Get up every 30 minutes – without fail.  Set a time on your computer to force yourself to get up every 30 minutes and go for a walk – go  harass your coworkers (I hear they love that) or go chat up that  Funke around the water cooler.  Just get up and move!

Be more active – if you spend all day at your computer, try eating your lunch and dinner standing at the counter.  If you spend all day at the computer, try playing your Xbox 360 or PS3 standing up.  Yup, it’s weird.  Yeah, your legs will probably get tired.  Get over it! Be more active, even if it means making your nerdy activities a little more active than they need to be.  Don’t spend ten hours at your desk only to come home and spend five hours in front of your TV – you’re better than this.

Train to improve the weak parts -  hip raisessquats where you drop below parallel, straight leg deadliftsregular deadlifts, and lots of hip mobility work will do you well to keep the lower part of your body healthy, flexible, and useful.

Above all else, I think the area where us desk jockeys lack the most strength and power is in our hips.  And if we’ve learned anything from Happy Gilmore, it’s all in the hips.

Weak hips, glutes, and hamstrings make it incredibly difficult to have perfect form when doing squats and deadlifts – you should be able to squat so that the tops of your thighs are below parallel (or even low enough so that your butt hits the back of your calves).  If you can’t squat low enough, I’d bet my life savings that you have weak hip flexors and poor mobility in your hips!

Here’s how to fix that:

Spend at least 5-8 minutes before doing any lower body work working on your mobility with a dynamic warm up – jumping jacks, body weight squats,  hip raises, leg swings, side leg swings, and fence stepovers (taught to me by Shawn over at TheFitnessBuster).  Following a routine like this will really activate your hips and allow you to power through your lower body exercises with great form.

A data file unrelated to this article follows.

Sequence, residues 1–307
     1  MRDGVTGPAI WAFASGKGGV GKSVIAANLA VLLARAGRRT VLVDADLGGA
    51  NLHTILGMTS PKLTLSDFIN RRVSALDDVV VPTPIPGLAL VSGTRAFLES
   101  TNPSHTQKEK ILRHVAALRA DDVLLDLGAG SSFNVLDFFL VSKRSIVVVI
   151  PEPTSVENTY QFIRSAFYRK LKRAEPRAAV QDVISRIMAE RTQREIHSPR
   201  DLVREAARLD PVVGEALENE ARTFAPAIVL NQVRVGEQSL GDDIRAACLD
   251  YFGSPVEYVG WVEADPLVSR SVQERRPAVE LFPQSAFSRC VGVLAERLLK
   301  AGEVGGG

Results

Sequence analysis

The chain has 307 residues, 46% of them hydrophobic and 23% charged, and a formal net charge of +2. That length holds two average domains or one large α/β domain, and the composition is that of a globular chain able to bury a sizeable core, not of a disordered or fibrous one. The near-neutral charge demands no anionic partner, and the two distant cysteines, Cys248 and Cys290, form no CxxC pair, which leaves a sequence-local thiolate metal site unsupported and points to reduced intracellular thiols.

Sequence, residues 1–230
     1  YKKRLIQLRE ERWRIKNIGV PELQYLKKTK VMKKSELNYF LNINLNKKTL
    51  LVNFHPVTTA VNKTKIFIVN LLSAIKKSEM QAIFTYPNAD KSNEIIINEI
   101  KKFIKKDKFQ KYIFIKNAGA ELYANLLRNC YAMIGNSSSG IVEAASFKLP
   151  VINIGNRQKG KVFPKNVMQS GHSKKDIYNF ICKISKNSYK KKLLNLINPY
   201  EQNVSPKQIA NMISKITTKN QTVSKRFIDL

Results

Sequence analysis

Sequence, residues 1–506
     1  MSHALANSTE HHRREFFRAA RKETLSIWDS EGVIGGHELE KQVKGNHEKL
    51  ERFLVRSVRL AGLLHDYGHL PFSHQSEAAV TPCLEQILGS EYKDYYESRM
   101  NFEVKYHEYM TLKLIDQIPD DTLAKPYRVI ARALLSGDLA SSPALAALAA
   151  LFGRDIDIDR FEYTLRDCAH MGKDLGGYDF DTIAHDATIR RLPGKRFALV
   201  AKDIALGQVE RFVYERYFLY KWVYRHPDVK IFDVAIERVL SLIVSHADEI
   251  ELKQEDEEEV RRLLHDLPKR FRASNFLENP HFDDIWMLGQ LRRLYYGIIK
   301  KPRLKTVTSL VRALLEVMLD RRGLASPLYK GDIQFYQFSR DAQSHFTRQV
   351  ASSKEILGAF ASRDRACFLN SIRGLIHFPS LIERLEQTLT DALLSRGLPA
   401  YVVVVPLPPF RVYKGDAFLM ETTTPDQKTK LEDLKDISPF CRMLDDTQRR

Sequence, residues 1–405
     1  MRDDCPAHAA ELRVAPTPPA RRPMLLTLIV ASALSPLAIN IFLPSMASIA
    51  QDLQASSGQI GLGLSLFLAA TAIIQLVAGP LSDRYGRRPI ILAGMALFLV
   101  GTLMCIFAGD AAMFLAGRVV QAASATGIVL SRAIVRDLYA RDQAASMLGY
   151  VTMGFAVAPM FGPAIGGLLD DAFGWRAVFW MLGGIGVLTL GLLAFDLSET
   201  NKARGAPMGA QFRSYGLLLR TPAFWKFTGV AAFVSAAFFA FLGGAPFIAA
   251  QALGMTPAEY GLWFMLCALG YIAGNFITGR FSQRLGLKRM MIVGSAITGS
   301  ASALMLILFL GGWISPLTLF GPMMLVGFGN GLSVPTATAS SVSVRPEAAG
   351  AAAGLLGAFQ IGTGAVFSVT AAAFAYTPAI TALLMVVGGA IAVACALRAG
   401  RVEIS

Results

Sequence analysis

Here’s a video if that helps explain it more:

Hip Mobility Warm Up Video

  • Do this mobility workout of the day, but don’t say I didn’t warn you (this one too will certainly help)…I’ve been sitting a LOT while traveling in Ireland (too much work and lots of time on buses), so doing this mobility workout was incredibly difficult and painful for me when I did it this morning.  Do the best you can – don’t hurt yourself, but WORK ON IT.
  • Try yoga – does your gym offer yoga classes? Not a bad way to improve your flexibility at all.  If your gym doesn’t offer classes, a simple search on youtube will result in approximately 4.3 bazillion yoga instructional videos.
  • Sit less – the less you sit, the less damage you’ll have to undo on your hip mobility.  Take frequent breaks at work – go do squats in the bathroom stall or lunges down your hallway – just be more active.

How Not to Suck at Running – NerdFitness.com

I’m going to go out on a limb and guess that a huge majority of the running population kinda sucks at running.

When most people start running, they have zero training, zero strategy, have never put any thought into their technique or method, and just kind of “go for it.”  Now, although I’m a big of getting started (do something. do anything), I think it’s incredibly important to be smart about HOW you get started when it comes to running.  I’ve already provided a “beginner’s guide to running,” but I wanted to also hook you up with an interview I did with my buddy/running guru Jason Fitzgerald of StrengthRunning.com.

Jason and I share very similar views on training, performance, diet, and more, with just a different focus (mine on weight and strength training, his on running), so when I got a chance to meet up with him at a Nerd Fitness meetup in Washington, DC in July, I knew we needed to work together.